The Virgin of Valvanera

The Virgin of Valvanera

Circa 1710
Juan Correa, Mexican, c. 1645-1716
Born: Mexico City, Mexico
Work Locations: Mexico
Attributed to
Oil paint on canvas.
Accession Number
Credit Line
A gift of the collection of Jan and Frederick Mayer.

Attributed to Juan Correa and workshop, The Virgin of Valvanera, about 1710. Oil on canvas; 6 ft. 7½ in. × 57⅝ in. Gift of the Collection of Frederick and Jan Mayer, 2008.832

frame height: 91 1/2 in, 232.41 cm; frame width: 67 1/2 in, 171.45 cm; frame depth: 3 1/4 in, 8.255 cm; image height: 79 1/2 in, 201.93 cm; image width: 57 5/8 in, 146.3675 cm
Inscribed in lower left corner (flaking from canvas)
Mayer Center, Latin American Art
Latin American Art

This Mexican colonial painting is a portrait of a specific statue of the Virgin from the Rioja province of northern Spain. Spanish families often continued their regional homeland devotions when they came to the New World. The legend of the original statue in Spain is seen in the painting. The statue was hidden in a tree during one of the Muslim invasions of the area. Years later, reformed bandits were instructed by an angel how to find the Virgin in a tree with a spring at its roots and a beehive in its trunk. When they approached the tree it miraculously opened to reveal the statue inside. A church and later a monastery were founded and can be seen in the lower section of the painting.  
     The depiction of abundantly flowing water, elongated forms and spiky church spires in this painting of the Virgin of Valvanera are particularly reminiscent of "The Deluge" by Cristóbal de Villalpando (ca. 1649-1714) in the Cathedral of Puebla in Mexico. Villalpando is considered the most accomplished artist of the colonial period in Mexico as well as a pioneer in developing a painting style decidedly divergent from European traditions and unique to Mexico.  Although compositions are based in part on European engravings, Villalpando and his followers moved beyond the Old World tradition by tightening the focus of the composition and moving it to the front of the picture plane, creating a shallow space for the action. They also retained many traits from Mannerism, long out of favor in Europe, such as contrived body and hand positions with elongated limbs as well as diaphanous and surreal textile colors.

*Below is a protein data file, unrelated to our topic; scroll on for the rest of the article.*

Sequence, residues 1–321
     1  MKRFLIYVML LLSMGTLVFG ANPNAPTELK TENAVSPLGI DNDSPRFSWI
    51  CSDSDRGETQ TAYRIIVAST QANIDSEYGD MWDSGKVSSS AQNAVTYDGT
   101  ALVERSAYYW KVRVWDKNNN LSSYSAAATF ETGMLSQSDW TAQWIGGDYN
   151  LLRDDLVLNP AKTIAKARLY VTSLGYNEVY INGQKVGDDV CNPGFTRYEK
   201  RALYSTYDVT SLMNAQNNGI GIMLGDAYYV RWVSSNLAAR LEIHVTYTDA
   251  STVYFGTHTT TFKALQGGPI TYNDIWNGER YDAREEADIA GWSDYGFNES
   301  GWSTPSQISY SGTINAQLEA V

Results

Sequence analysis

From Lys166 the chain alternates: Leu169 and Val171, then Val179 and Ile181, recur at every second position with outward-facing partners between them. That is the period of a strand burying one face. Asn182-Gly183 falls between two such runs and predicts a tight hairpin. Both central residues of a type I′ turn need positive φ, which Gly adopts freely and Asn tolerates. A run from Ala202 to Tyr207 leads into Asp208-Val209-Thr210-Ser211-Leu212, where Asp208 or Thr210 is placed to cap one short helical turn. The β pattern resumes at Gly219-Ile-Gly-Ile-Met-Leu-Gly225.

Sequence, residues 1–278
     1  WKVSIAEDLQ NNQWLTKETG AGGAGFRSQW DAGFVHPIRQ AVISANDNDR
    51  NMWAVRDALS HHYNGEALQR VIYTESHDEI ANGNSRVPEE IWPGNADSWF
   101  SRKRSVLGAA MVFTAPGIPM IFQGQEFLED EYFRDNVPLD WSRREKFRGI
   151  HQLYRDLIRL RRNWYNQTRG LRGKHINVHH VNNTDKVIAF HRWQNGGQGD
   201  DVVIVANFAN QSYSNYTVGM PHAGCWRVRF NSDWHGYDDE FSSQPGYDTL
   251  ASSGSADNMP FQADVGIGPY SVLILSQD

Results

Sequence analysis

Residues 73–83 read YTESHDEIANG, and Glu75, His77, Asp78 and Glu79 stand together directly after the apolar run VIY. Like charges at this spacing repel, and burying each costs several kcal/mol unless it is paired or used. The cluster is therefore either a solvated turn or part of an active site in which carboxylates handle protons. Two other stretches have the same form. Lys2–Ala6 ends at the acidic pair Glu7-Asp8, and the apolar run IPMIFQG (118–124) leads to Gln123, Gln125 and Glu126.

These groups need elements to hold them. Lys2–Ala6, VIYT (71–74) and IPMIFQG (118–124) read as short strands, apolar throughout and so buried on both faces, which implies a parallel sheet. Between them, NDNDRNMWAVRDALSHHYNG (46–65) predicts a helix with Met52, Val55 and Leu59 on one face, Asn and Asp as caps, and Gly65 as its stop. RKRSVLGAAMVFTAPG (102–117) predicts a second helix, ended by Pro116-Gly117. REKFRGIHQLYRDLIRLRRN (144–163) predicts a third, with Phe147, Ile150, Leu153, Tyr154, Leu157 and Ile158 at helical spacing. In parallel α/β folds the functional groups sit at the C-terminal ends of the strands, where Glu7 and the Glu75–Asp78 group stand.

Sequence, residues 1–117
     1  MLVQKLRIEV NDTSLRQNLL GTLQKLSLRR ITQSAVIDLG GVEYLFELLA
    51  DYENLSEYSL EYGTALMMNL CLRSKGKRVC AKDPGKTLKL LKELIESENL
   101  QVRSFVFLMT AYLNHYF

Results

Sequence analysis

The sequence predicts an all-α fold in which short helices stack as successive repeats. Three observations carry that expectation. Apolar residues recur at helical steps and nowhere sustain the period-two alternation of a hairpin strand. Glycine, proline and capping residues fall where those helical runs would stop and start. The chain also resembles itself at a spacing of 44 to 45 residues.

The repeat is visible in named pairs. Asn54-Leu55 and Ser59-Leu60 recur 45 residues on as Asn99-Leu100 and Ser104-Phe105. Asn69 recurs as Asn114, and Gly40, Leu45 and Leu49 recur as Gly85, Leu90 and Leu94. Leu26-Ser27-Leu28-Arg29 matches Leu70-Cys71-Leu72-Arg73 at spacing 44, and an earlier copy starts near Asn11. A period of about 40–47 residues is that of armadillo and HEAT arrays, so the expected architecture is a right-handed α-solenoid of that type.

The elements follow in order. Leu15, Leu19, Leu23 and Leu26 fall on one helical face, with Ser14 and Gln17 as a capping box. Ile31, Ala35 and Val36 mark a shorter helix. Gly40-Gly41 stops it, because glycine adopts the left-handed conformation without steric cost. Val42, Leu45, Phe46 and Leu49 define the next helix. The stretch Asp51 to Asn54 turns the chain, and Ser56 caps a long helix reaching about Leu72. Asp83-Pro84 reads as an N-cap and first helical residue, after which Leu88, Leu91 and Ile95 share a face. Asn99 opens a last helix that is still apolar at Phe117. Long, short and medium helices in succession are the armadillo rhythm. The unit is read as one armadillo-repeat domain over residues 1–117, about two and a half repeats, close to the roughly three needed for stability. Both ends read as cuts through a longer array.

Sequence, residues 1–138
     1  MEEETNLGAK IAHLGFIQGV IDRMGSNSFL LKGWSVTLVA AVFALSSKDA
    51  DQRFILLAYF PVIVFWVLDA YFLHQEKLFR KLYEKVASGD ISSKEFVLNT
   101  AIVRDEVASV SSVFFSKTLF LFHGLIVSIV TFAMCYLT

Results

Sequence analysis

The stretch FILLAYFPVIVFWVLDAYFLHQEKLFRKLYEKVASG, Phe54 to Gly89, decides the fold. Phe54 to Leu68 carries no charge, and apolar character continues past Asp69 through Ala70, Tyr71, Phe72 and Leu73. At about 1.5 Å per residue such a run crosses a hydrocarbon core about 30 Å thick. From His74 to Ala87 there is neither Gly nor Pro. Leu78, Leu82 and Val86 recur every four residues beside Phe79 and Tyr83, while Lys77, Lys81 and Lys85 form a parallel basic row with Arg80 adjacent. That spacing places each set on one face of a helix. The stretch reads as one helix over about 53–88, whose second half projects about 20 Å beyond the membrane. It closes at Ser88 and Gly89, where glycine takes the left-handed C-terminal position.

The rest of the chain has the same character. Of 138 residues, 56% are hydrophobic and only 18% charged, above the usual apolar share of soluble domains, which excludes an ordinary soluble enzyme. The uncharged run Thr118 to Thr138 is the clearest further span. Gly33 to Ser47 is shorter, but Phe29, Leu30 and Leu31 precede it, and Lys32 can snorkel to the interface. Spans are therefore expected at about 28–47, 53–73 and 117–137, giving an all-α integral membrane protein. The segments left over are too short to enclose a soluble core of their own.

-- Donna Pierce & Julie Wilson Frick, 2015

Known Provenance
Gifted 18 December 2008 to the Denver Art Museum by Frederick and Jan Mayer. Provenance research is on-going at the Denver Art Museum. Please e-mail, if you have questions, or if you have additional information to share with us.
Exhibition History
  • “ReVision: Art in the Americas” — Denver Art Museum, 10/24/2021 – 7/17/2022